The work our in-country representatives do goes beyond what we can report with numbers. World Pediatric Project has a local, year-long presence in our partner countries that can make a life-or-death difference for some children – children like Chester.
Chester was born in La Mosquitia in the easternmost part of Honduras, a region of tropical rainforest that is so remote and isolated it is only accessible by water or air. He was born at home with the help of a midwife with a severe form of spina bifida. In the United States, this is usually treated in utero at 23-25 weeks of gestation but, if undetected, needs to be treated within days of birth to prevent life-threatening complications.
When Chester was born, a local organization that runs a small health center called WPP’s Honduras representative, Ileana, based in Tegucigalpa, for help.
The local health center coordinated air transportation to Hospital Escuela in Tegucigalpa, the only hospital in the country with the expertise to treat a child with this condition. Meanwhile, Ileana immediately contacted Dr. Octavio Fajardo, a neurosurgeon who has partnered with WPP teams for the last 13 years, and ensured the hospital was ready to receive Chester and his mother.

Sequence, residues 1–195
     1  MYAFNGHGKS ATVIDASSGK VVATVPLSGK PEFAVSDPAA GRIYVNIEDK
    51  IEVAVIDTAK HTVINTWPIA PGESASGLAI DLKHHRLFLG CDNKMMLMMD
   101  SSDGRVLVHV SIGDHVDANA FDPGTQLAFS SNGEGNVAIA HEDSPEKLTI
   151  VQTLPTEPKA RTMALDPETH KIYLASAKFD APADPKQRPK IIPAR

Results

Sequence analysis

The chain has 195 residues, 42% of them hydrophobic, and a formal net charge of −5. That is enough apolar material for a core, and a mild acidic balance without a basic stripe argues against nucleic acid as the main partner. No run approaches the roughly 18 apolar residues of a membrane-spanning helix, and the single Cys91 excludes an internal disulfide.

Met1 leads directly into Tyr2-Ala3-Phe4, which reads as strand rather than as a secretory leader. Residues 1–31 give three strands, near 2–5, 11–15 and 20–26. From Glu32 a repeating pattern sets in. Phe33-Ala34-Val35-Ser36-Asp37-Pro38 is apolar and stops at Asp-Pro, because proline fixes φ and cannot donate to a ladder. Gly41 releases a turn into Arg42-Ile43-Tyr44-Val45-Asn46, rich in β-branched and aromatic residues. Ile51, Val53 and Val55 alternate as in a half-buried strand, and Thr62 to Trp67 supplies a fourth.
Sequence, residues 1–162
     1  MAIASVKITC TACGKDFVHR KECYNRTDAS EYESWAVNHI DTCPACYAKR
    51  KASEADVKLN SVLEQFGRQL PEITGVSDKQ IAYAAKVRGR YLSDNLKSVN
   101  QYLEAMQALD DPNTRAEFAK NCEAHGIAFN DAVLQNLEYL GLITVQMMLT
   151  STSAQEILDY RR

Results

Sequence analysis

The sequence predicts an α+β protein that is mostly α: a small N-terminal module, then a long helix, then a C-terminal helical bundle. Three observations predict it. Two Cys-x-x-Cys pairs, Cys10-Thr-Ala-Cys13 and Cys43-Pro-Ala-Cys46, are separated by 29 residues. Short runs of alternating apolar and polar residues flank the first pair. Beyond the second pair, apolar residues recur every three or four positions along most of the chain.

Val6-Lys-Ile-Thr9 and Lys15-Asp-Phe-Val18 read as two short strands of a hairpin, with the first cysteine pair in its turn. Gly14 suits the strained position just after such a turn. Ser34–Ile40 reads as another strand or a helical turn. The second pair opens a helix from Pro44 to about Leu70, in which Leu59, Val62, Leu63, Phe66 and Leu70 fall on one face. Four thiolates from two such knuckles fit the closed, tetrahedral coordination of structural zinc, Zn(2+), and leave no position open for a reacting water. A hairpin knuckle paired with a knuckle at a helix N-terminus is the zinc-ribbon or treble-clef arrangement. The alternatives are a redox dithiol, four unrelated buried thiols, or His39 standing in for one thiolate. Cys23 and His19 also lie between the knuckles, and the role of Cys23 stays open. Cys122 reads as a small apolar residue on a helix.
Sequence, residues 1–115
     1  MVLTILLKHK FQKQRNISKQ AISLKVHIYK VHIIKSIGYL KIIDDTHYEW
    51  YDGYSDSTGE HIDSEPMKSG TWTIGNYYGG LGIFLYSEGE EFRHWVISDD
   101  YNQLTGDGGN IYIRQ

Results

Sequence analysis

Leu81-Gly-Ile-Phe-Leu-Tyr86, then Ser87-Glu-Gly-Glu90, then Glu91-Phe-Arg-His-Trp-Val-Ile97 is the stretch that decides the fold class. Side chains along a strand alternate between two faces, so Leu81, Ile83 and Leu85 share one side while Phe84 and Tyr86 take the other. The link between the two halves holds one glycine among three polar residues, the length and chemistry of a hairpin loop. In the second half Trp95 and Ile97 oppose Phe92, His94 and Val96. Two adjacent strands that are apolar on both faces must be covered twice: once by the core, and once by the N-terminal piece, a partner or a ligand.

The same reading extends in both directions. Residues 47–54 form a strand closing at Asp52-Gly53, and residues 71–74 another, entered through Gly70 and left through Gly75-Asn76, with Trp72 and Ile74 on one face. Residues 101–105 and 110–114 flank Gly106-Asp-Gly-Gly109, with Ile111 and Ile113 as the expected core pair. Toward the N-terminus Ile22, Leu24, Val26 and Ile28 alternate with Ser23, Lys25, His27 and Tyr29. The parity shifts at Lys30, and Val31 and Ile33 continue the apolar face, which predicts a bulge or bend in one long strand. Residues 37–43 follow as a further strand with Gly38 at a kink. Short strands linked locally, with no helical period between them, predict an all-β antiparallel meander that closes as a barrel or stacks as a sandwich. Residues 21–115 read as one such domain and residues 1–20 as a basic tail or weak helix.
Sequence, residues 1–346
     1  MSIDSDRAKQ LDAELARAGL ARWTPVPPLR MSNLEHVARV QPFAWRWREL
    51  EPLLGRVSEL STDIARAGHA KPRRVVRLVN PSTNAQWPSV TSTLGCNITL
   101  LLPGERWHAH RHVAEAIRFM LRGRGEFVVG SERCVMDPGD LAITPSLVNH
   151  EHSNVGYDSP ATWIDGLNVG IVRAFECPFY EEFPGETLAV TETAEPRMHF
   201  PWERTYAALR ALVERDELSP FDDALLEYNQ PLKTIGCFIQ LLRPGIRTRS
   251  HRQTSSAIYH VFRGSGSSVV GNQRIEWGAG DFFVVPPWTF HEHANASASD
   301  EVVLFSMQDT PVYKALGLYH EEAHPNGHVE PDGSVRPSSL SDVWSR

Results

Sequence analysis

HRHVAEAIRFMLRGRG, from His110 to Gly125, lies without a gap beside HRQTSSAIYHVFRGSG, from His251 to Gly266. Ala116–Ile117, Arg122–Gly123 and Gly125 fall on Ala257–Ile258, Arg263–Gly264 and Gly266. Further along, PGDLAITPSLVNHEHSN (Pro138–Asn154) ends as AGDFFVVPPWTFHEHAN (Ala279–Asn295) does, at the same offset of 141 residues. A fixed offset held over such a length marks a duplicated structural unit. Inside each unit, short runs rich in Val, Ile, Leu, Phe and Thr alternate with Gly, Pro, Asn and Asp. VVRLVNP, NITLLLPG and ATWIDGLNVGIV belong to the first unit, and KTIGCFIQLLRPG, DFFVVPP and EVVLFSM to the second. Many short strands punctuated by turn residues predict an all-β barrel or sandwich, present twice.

Chester’s mother, Tedorcia, who only speaks Misquito, a local indigenous dialect, arrived with her baby at the big city hospital knowing nobody in town and with no money, just with a mother’s determination to do anything possible to save her baby. Ileana was there to obtain diapers and food donations and visit Tedorcia in the hospital and offer support and advocacy.
This network of care and support that helps what may otherwise be insurmountable for some low-income families isn’t reflected in any monthly metrics, but truly reflects the human capital that makes WPP the unique organization that it is.
More than 1,000 children like Chester are awaiting WPP’s network of care.
(Banner image from UNESCO and used under the Creative Commons Attribution-Share Alike 4.0 International license)